China’s interest in Afghanistan can be defined by its desire to supplant the United States as the preeminent power in Asia and ultimately prove itself to be an undisputed global power.
China’s delayed interest in Afghanistan is a recent phenomenon that began in 2012 when President Xi Jinping took office. Beijing has long been reluctant to get involved in the politics of its neighbors, including Afghanistan. What is motivating China now? Beijing is wary of U.S. military presence in the region and now is interested in Afghanistan because it sees the situation as a potential threat to its security. The timing is especially curious as the Obama administration began its troop drawdown in late 2014, maintaining less of a presence in Afghanistan. China’s motivation for renewed interest in Afghanistan can be defined by its desire to supplant the United States as the preeminent power in the region.
In an effort to best the United States in South Asia, China has significantly increased its economic support to Afghanistan. Between 2001 and 2013, China provided 1.5 million yuan; in 2014 alone, it gave 500 million yuan and has pledged another 1.5 million yuan more over the next three years. Economic aid is not the only tool to ensuring it replaces the U.S in the region; China is eager to increase its economic cooperation to help Afghanistan become economically independent, manifested through programs such the Silk Road Economic Belt Strategy. China also has significant investments in the energy and mineral sectors of Afghanistan. If Afghanistan were to erupt into a civil war once more, this would be devastating to its newest benefactor. China recognizes that a prosperous and economically independent Afghanistan is in its interest, as Beijing will profit from being the dominant player in another trade partnership. China is using this increase in economic assistance and partnership to usurp the United States’ influence in the region.
China also has the intention of seizing power from the United States through security operations, as China views Afghanistan as a “hotbed for terrorism and extremism.” Beijing is worried most about instability spilling over and potentially empowering the Uighur separatist group in the Xinjiang Province, China’s own struggle with Islamic extremism. These fears have become more pronounced as U.S. troops withdrew from Afghanistan. China has decided that more direct engagement in Afghanistan is the best and only way to ensure instability does not bleed over into Xinjiang. By creating a stable Afghanistan, China would also be able to show it could accomplish what the United States could not. Stabilizing the war-torn country would allow China to supplant U.S. influence in the region, by providing both security and economic assistance.
China’s interest in Afghanistan is also designed to prove its image as an undisputed global power and to “enhance regional diplomacy and its international standing.” China seeks to challenge the U.S. as the “primary underwriter of regional peace and prosperity” by demonstrating it can handle the Afghanistan crisis better than the United States. Beijing is assuming a lead role in the peace talks between the Taliban and the Afghan government as a vehicle to accomplish this goal. The future of Afghanistan is uncertain and China seeks to prove that it has the diplomatic fortitude that the United States lacked to secure a peace deal. By causing the international community to question the United States’ commitment, China can show it is the premier power, not the United States. Thus, by tackling nearly impossible talks between the warring sides, China wishes to solidify itself as a regional and global leader to the detriment of the United States.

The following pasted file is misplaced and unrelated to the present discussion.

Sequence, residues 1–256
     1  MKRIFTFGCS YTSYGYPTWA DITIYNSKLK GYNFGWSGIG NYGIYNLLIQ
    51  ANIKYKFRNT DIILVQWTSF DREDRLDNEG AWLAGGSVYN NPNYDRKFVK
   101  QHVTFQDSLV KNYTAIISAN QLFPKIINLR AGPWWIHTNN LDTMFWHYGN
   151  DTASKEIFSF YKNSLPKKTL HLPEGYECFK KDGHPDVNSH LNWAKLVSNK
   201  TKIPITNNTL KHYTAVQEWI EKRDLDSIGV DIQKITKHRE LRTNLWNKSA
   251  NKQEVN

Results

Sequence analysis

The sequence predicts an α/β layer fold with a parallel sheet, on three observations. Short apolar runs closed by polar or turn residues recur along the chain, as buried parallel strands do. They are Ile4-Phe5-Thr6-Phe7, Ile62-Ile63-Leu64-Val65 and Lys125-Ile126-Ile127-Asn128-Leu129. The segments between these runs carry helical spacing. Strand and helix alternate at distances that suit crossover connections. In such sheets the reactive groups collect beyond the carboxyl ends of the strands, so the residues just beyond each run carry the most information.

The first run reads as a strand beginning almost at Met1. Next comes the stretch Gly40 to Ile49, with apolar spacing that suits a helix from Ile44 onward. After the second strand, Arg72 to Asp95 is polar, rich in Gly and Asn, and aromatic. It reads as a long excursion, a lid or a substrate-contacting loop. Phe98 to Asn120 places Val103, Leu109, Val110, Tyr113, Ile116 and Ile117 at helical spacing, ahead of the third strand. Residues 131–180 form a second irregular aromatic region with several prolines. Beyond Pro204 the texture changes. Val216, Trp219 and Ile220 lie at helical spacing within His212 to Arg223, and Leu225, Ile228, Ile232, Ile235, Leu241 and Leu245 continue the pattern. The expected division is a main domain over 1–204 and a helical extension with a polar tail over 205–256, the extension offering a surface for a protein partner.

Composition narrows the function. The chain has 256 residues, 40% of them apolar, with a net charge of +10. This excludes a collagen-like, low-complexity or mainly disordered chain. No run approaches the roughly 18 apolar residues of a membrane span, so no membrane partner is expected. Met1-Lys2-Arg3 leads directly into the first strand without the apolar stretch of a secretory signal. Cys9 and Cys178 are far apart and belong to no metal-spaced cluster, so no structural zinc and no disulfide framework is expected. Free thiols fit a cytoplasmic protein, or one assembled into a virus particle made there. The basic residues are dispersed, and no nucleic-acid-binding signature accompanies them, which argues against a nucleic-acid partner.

For most of the U.S.-led war in Afghanistan, the United States wanted China to be more involved. The U.S., while concerned about “China’s more assertive foreign policy,” is cautiously welcoming more Chinese interest in Afghanistan after a decade of inaction. As China grows into its status as a global superpower, it has been willing to play a greater role in promoting regional stability, especially as the United States withdraws. Ultimately, inaction on China’s part causes more dire consequences. It appears that the more China gets involved, the greater the probability of Afghanistan becoming more stable. While China’s involvement does create concern over whether Afghanistan will be better off with China as its benefactor, what is most important is that Afghanistan becomes self-reliant. If that involves allowing China to be more engaged, then the United States and the international community must permit China to take action. The ultimate objective is ensuring that Afghanistan becomes stable and prosperous even if it means less control by the West and more engagement by China.
Kathleen Taylor is a contributing editor for Charged Affairs with Young Professionals in Foreign Policy. She is based in the Washington, D.C. Metro Area.